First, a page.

Around fifteen Marines have been forced out of the service since June over accusations of hazing- part of the Corps’ renewed crackdown on the practice.
California-based 1st Marine Corps Spokesman 1st Lieutenant Paul Gainey reported that 15 Marines were administratively separated and one convicted of Article 92 (failure to obey an order or regulation) of the Uniform Code of Military Justice. Another Marine was given a punishment at the Court-Martial.
The Marines belonged to a myriad of units, including 2nd Battalion, 7th Marines, and 3rd Battalion, 7th Marines, both based at Marine Corps Air-Ground Combat Center 29 Palms, California; and 3rd Assault Amphibian Battalion, based at Camp Pendleton.
All cases were adjudicated after the arrival of the new 1st Marine Division Commander, Brigadier General Eric Smith.
“It was a problem that [Smith] saw when he arrived,” Gainey said. “There were three allegations of hazing when he got on deck. I think he saw it right away.
According to Military.com, the General released an email saying he had to act after being metaphorically “flipped the bird” by junior Marines.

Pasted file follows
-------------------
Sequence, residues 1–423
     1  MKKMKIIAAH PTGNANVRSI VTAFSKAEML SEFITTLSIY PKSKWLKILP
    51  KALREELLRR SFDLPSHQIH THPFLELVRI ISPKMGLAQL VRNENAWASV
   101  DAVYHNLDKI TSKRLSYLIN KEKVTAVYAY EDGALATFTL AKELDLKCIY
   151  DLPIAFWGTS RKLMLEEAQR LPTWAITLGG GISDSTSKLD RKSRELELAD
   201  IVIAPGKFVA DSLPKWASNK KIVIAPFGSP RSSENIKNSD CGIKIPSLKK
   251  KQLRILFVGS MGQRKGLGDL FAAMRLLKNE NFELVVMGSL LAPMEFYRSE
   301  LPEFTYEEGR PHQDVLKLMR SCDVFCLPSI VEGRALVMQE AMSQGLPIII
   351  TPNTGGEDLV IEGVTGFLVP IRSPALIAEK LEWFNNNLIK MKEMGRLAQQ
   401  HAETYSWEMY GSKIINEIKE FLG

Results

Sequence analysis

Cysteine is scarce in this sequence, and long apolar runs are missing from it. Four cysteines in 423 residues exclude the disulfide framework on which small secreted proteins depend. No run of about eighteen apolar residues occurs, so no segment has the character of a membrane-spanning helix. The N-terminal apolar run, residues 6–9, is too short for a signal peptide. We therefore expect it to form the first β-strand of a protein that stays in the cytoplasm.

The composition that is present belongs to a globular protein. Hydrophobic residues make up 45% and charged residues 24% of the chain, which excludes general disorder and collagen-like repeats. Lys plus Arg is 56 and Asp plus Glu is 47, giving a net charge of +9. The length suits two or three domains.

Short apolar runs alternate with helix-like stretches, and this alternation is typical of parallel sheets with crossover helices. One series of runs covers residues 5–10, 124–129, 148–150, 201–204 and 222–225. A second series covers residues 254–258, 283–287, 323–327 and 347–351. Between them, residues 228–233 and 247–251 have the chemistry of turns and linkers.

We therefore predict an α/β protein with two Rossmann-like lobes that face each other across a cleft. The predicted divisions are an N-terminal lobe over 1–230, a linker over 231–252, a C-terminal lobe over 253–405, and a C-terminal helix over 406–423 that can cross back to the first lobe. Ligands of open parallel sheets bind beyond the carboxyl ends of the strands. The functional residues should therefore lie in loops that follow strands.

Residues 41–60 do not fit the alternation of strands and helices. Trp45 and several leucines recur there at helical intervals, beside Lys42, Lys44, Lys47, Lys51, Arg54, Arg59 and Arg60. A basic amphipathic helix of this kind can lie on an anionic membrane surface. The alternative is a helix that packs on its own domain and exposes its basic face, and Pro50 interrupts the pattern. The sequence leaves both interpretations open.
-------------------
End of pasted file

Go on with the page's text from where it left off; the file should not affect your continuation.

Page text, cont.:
“I’m not here to inflict group punishment, but my assessment is that I’ve just been flipped the bird by lots of lance corporals, so I am headed their way to demonstrate this is an unwise [course of action],” he wrote, mentioning that hazing incidents included physical assault, making Marines drink alcohol against their will, and forced haircuts.
“As I have stated before, hazing threatens the strength of our small units and directly impacts our combat readiness,” he wrote. “Hazing, much like drug abuse, sexual assault and other criminal misconduct, is not acceptable.”
So unacceptable, in fact, that Smith has no problem throwing his rank around to quell the situation before it gets out of hand.
“I have a strong personality and am in a position of authority, so I am obligated to ensure that none of you interpret my message against hazing as directing any specific outcome for any particular case,” he said. “More important than my desire to stamp out hazing is our collective requirement to adhere to our constitution and the Uniform Code of Military Justice.”
The US Marines have been plagued with hazing incidents from boot camp to the barracks, with several high-profile cases making the news in the past two years.
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